However, as clearly stated by the French mayor Betrand Mertz who is responsible for the area around Cattenom, Cattenom is a French nuclear plant and, consequently, both Germany and Luxembourg have no say as to whether and when it is supposed to be shut down. It is subject to both French law and regulation, as well as French security standards. Since the nuclear operator EDF, or its largest shareholder, the French government, earns around one billion Euros from Cattenom every year, plus it provides several thousand jobs, plus Cattenom delivers around 8% of the French electricity supply, then it is clear that incentives for the French government to close that plant are low. Also, as the accident reports show and discussed above, French incentives for investments to maximize safety are lower than if that plant were to be in the middle of Paris. Hence, France can produce electricity cheaper in Cattenom than anywhere else.
So how should this situation be treated, then?
1. It is certainly an international conflict that arises due to non-cooperative behavior. It would be in both Germany’s and Luxembourg’s best interest to cooperate on the nuclear plant, but would this be in the best interest for France, too? For example, partial cooperation would not do the job. E.g. if Germany/Luxembourg were to take care of safety, since this is their main concern, then France would simply stop investing in safety measures and the costs would fall on Germany/Luxembourg. On the converse, it would not be in France’s best interest to cooperate fully, since France is currently benefiting from reduced safety expenditure but reaping all the profits. In the case of cooperation, Germany/Luxembourg would demand higher investments in safety, of which they would pay a part, but France would have to share the profits of the plant, too. Consequently, it is unlikely that France would give up its sovereignty over the plant. Seems like a dead end here.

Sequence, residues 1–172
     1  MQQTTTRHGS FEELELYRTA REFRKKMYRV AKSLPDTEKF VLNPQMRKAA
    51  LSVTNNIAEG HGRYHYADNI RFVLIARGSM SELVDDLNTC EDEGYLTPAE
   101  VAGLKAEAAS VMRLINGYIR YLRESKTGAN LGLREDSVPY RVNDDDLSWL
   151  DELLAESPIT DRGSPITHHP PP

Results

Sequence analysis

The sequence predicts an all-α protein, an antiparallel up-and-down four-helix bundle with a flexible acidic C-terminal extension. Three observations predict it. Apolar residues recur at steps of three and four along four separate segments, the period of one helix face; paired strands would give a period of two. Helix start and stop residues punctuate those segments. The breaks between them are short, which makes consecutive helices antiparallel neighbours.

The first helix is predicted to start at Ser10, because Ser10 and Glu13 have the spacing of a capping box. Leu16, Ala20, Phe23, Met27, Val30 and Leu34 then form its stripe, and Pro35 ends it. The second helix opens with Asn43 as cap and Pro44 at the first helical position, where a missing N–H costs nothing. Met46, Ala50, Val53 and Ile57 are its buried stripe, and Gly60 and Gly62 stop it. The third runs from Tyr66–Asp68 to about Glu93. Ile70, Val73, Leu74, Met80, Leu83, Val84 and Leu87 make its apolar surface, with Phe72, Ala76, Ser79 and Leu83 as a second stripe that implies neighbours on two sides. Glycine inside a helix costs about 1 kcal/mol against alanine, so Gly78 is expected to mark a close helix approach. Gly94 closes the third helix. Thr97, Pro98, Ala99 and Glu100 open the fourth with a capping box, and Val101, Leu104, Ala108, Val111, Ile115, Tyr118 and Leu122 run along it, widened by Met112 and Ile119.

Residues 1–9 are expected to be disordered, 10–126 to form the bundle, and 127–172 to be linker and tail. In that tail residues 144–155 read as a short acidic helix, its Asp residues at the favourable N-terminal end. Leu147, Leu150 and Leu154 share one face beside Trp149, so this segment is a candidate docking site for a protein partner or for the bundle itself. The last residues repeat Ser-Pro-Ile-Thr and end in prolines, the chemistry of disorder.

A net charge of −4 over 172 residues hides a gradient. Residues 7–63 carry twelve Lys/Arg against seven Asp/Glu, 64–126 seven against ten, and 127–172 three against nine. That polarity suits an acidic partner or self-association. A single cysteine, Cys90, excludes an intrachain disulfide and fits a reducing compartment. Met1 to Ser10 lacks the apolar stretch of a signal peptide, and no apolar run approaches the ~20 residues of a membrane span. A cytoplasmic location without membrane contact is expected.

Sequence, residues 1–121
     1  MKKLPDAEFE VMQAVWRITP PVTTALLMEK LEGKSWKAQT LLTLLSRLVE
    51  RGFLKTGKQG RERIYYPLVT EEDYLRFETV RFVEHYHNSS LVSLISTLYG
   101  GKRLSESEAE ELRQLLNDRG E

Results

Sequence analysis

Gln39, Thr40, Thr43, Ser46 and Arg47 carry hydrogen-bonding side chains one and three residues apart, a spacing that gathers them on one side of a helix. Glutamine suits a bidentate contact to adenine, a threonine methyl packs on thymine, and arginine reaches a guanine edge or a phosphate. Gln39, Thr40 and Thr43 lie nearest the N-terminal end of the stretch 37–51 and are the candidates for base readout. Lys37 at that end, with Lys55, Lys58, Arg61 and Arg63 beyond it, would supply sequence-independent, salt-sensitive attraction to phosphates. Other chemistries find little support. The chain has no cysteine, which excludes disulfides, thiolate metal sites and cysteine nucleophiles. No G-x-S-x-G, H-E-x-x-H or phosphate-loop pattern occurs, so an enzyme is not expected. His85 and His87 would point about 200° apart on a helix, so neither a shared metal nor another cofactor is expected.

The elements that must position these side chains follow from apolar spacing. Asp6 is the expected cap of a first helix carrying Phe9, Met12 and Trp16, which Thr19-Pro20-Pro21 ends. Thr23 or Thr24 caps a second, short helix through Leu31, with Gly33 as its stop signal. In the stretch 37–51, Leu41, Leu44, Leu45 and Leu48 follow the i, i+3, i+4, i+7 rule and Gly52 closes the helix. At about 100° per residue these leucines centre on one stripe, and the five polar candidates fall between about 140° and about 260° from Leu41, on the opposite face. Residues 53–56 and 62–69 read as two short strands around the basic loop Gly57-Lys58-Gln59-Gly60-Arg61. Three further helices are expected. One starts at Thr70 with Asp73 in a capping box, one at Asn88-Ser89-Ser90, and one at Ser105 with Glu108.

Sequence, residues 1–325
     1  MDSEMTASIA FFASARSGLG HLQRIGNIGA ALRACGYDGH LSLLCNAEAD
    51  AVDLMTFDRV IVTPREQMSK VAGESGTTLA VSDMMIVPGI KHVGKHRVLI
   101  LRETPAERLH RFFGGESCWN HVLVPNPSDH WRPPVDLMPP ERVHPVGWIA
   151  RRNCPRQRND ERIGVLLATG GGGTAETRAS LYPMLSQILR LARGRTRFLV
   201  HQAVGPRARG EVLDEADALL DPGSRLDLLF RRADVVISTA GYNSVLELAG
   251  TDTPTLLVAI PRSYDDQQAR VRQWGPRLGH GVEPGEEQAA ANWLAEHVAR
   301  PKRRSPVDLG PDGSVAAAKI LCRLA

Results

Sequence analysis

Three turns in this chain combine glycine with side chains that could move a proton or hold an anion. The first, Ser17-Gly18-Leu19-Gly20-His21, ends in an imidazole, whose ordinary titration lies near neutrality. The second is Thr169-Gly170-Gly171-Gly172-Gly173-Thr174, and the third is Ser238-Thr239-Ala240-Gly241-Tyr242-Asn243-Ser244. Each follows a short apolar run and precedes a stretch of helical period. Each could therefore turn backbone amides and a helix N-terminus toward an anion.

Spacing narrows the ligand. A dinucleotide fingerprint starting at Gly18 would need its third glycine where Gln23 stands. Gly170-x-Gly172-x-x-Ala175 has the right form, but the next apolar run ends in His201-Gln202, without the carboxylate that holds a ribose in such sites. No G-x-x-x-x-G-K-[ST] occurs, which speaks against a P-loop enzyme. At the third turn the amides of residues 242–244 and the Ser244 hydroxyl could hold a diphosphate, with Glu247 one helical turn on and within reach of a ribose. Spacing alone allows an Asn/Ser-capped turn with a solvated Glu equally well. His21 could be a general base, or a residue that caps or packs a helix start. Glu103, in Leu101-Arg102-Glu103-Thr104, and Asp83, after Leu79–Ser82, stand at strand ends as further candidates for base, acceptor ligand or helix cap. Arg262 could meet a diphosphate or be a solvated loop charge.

2. As far as I know, both Germany and Luxembourg are importing nuclear energy from France, and most likely from Cattenom. I am unsure of the exact amount. If both countries were stopping imports from Cattenom, would this have an effect on profitability in Cattenom? Most likely only a small one, but an adverse on safety. Smaller profits from Cattenom may imply lower investments in safety. It is unlikely that Cattenom would be closed, even if both Germany and Luxembourg are currently importing a significant fraction of the electricity produced in Cattenom, since very little electricity (roughly 5% on the 350km) were to be lost if e.g. more electricity were to be transported from e.g. Cattenom to Paris. As Cattenom is cheaper to run than other plants in the centre of Paris (due to laxer safety measures), this will not avoid Cattenom from continuing to produce electricity.
3. As a result, we are thus dealing with a true international externality from France imposed upon Germany/Luxembourg, and Germany/Luxembourg can really do nothing against this. Furthermore, we have the issue of asymmetric information on the part of EDF, where, as discussed above, not always all relevant information are leaked immediately. Thus, this may give a further rise to moral hazard, where vital information may be suppressed and used to the (financial) advantage of EDF/France.
4. It is clear that this issue can only be resolved at the European Union level. Since this problem is faced by several countries in Europe, there is a need for an international debate. Some debate already started on the insurance of nuclear plants across Europe. But this will not seriously affect the investments in safety, especially because there is a move towards more internationalization of disaster costs, since it is well-known that a disaster may exceed a nuclear operator’s insurance, its capital, and its country’s budget (as e.g. Fukushima has vividly shown). Thus, an internationalization of costs reduces, yet again, incentives to invest in safety.